Ever have a sight, sound or smell bring back a lost memory? I love to check out bicycles as I walk or ride along, looking at the different brands, colours and types and thinking about the personalities who ride them. Two weeks ago, one bike made me do a double-take. It was something I hadn’t seen since about 1970. Something I used to stare at for hours; that filled my chest with pride. It was the near forgotten, but immediately familiar again logo of an Eaton’s Glider, soaring gull and all. My first bike was a Glider.
Do you remember your first bike?
Unlike the 3-speed model with the classic Sturmey-Archer thumb shifter that I saw the other week, mine was a 23” coaster, but with similar fenders, seat and striping.
Shopping used to be so much easier before the internet. In the days of catalogue shopping, to order a bike; you picked up the phone; dialed the Eaton’s order line (always answered – by a human); gave them a catalogue number and that weekend, when all your friends were about, the Eaton’s truck would appear on your street to deliver your new bike, assembled, to your door.
Or that’s how it should’ve happened.
The truth is that we took delivery of my green with white fenders Glider (I think the chrome fenders were a feature of the geared models) before the snow melted and its first weeks were spent propped against a basement wall. That’s how I got so familiar with the gliding gull on the front badge – for weeks I could do little else than teeter on the bike and stare at the logo.
I know you’ve heard this a million times, but I really was always the last one picked for sports teams; couldn’t hit a ball, skate or run to save my life. I was picked second-to-last once, when we played the pre-schoolers. With no budget for training wheels, prospects were dim for me learning to ride in a reasonable time.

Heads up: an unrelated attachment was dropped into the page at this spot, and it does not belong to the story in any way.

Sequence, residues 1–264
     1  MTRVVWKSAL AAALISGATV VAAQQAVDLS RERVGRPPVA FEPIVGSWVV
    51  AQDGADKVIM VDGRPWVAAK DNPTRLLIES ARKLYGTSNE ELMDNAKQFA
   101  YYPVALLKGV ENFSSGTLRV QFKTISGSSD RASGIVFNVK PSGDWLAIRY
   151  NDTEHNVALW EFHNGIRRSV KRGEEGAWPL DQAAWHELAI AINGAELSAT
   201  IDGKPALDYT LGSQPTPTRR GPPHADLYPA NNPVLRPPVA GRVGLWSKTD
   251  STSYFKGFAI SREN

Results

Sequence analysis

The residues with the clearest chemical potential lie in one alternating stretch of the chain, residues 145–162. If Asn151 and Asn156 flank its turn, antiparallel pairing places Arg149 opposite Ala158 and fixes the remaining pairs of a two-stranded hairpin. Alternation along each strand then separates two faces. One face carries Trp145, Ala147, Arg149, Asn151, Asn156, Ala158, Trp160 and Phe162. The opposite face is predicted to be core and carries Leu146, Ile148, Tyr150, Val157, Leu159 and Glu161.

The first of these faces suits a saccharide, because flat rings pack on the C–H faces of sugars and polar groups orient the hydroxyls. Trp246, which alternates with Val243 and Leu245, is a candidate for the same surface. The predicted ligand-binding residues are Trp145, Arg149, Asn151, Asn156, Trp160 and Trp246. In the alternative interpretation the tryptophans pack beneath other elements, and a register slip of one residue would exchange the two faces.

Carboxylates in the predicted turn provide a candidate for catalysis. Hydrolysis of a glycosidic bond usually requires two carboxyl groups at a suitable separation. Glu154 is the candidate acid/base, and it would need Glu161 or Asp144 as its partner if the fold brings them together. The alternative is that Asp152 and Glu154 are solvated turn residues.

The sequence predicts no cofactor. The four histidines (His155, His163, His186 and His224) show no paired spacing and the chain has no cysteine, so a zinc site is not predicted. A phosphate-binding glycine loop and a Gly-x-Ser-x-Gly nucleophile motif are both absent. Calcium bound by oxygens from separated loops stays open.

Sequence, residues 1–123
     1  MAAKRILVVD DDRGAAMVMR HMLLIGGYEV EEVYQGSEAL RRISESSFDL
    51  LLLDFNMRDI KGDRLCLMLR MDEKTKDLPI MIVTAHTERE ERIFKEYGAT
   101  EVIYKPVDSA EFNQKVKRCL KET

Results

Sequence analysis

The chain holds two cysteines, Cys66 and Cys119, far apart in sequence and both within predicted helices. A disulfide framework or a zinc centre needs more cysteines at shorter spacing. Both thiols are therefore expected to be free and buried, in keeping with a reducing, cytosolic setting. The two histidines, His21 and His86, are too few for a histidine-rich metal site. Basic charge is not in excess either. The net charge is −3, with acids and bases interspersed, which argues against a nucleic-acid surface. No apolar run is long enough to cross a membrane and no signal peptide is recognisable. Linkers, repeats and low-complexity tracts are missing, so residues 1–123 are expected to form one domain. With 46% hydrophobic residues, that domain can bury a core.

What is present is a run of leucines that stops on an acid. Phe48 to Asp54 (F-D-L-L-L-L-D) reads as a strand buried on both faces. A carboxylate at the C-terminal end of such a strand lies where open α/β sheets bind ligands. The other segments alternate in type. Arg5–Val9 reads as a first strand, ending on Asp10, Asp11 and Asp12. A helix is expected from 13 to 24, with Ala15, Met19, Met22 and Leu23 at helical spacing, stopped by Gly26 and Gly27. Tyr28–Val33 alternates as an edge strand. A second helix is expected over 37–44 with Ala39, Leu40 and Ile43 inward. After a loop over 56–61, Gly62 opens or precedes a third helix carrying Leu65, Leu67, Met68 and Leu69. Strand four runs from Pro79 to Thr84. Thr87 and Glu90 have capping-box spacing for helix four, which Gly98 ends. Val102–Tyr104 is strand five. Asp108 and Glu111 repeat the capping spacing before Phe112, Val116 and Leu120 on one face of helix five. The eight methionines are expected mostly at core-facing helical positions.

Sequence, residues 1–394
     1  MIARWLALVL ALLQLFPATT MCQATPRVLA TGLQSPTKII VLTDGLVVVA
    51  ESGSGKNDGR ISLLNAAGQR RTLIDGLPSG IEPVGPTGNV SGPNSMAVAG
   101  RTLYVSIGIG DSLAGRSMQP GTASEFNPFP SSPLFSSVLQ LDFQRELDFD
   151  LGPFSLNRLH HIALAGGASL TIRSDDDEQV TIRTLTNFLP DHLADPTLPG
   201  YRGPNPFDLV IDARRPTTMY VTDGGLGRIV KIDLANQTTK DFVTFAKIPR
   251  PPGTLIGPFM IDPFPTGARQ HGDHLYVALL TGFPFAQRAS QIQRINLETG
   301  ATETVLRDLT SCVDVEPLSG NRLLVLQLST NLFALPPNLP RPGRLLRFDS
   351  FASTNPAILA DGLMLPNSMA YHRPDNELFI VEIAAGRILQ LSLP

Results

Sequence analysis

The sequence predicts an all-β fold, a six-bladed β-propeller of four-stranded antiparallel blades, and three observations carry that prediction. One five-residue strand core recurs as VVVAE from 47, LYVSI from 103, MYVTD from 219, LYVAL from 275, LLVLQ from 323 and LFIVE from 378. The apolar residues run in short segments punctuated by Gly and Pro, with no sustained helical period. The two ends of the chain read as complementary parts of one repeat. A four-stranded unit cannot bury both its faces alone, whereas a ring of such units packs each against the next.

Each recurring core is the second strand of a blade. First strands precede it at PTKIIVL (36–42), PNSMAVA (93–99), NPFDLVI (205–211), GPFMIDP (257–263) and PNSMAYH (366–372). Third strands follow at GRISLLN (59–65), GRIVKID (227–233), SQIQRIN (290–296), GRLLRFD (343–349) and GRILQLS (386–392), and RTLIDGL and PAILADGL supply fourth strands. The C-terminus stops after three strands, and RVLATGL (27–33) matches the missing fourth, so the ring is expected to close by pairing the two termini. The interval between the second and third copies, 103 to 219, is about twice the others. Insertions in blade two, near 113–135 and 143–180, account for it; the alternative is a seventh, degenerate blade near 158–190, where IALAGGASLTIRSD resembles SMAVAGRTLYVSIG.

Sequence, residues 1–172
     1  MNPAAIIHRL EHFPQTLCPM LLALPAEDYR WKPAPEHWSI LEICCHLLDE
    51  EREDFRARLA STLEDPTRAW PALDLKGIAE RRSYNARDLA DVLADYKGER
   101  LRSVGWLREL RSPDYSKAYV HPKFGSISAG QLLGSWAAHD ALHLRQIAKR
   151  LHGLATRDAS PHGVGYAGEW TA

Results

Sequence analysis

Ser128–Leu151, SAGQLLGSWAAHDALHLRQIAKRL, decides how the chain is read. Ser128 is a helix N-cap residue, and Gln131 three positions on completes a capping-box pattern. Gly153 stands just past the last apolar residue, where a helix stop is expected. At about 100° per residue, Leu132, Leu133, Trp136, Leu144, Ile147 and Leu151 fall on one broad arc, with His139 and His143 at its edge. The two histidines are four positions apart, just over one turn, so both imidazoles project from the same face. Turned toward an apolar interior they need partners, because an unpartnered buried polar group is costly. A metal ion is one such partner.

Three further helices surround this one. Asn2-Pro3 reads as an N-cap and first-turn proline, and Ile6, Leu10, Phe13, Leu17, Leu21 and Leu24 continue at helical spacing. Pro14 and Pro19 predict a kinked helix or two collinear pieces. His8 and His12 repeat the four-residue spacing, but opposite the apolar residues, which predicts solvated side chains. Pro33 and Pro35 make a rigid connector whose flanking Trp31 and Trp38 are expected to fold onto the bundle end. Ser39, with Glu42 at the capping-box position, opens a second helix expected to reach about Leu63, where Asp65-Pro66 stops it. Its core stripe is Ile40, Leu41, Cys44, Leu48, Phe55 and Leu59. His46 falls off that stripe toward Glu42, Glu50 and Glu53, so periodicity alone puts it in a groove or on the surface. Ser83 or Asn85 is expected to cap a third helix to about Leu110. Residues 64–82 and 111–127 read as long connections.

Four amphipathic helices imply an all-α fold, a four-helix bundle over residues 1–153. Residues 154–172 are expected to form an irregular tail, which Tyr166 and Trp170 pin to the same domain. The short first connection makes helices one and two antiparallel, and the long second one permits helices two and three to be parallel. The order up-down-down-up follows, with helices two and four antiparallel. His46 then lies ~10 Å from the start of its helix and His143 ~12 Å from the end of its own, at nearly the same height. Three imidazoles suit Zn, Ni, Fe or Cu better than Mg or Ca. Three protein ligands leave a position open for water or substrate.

Benny, a good friend of our family who is now in his 70s and still a very nifty guy, volunteered. I started off ready for it to take hours, if not days. On my second pass I thought I was going a little fast for Ben to keep up and I turned slightly to check on him, but he wasn’t there. I can’t remember ever learning anything, that previously seemed so daunting, so easily. But being a quick learner has its downsides. Unprepared for my early success, Benny hadn’t yet shown me how to stop.
I fell off the bike a lot that first summer. I got the nick-name Sergeant for all the band-aids that neatly lined my knees.
Life changed. I fractioned my school commutes. I didn’t have to run after my cycling friends to keep up. And slamming the always reliable coaster brakes laid a patch a mile long.
The Glider was stolen twice. Once from the side of our house, but the police quickly returned it. The second time, it was gone when I got out of my Cub Scout meeting. After a long search, I made a late-night, non-stop run home from Lawrence to Ellesmere, crying all the way for the loss of my Glider. I never saw it or the soaring gull again.
Until two weeks ago.
My research since shows the Eaton’s Glider to be a coveted classic on the local bike market. But I haven’t seen a coaster. Got any info?
…OR DO YOU HAVE MY FREAKIN’ BIKE?!! ;)
Posted: April 20th, 2010
Author: Stephen Da Cambra
Filed under: Uncategorized
Tags: bicycles, bikes, commutes, cycling | 13 Comments »